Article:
Hi, I'm Reed Kavner.

I'm an internet creator and comedy producer in New York City. I love collaborating with creative people on projects that take dumb ideas very seriously or find some fun in the ordinary.

My work has been featured in places like The New York Times, Gizmodo, and The Verge. In 2018, my TV pilot reed.computer was a TruTV Comedy Breakout finalist at the New York Television Festival.

You can find me hosting the all-Powerpoint comedy show Next Slide Please at Pine Box Rock Shop in Brooklyn or taking pictures at my freinds' shows.

Follow me on Twitter and Instagram, or get in touch at r@reed.me.

Recent Projects

Allergies or a Cold?

Compare your area's pollen count with its cold and flu index to diagnose your runny nose.


A Twitter bot that uses machine learning to generate fashion insights and advice. A collaboration with comedian/illustrator/podcaster Max Wittert.


Discover must-listen episodes from the best podcasts. A collaboration with Fresh Air editor Mooj Zadie and a small army of volunteer curators.

Greatest Hits

Billboard Magazine

As Director of Product at Billboard, I led the development of digital products for our readers and editors, including a major redesign of the Billboard Charts in 2018. I also acted as a digital producer for editorial and sponsored initiatives like the magazine's open letter to congress and the Webby-nominated Back to the Block series.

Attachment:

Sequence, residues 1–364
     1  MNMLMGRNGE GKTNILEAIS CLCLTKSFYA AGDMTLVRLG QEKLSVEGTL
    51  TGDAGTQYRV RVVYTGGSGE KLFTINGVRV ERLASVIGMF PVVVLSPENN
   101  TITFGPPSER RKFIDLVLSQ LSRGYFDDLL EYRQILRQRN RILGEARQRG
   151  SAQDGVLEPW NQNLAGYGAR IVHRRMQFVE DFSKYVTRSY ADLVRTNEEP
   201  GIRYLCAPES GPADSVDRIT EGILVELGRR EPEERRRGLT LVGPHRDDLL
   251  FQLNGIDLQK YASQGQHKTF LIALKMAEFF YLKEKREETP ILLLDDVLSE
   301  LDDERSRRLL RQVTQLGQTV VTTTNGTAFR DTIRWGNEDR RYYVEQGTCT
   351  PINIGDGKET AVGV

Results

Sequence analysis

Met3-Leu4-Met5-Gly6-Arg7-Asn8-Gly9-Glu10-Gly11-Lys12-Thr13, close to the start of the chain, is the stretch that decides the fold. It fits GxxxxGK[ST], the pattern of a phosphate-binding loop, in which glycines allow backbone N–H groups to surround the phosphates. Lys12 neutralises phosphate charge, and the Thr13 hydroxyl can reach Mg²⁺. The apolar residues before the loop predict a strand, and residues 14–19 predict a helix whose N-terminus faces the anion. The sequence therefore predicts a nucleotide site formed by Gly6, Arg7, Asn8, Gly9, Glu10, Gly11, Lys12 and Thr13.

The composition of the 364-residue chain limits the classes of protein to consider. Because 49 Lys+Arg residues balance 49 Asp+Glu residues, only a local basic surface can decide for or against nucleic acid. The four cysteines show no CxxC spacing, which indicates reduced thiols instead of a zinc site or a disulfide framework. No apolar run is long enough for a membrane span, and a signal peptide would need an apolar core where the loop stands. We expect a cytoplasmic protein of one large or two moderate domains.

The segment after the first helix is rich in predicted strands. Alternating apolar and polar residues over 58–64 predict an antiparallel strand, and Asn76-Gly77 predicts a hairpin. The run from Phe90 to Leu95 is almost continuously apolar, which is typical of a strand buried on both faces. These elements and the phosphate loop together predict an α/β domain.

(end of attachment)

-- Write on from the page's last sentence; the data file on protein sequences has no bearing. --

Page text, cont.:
I built Rezhound to help me get tables at the country's toughest-to-book restaurants and to teach myself to program in Python. It has since gained a loyal following of foodie fans and has been featured everywhere from Gizmodo to The New York Frickin' Times.

Fav Forever

Many longtime Twitter users were upset when the company replaced the beloved "favorite" star with a heart icon. Three hours after the change, I released Fav Forever, a Chrome extension to bring the stars back. Mashable and The Verge want to #favforever.

The New Forker

An interactive map of restaurants reviewed in The New Yorker’s Tables for Two column from 2005-2015. One New Yorker editor called it "cool dataviz" and "copyright infringement." The magazine has since built their own map that picks up where this project left off.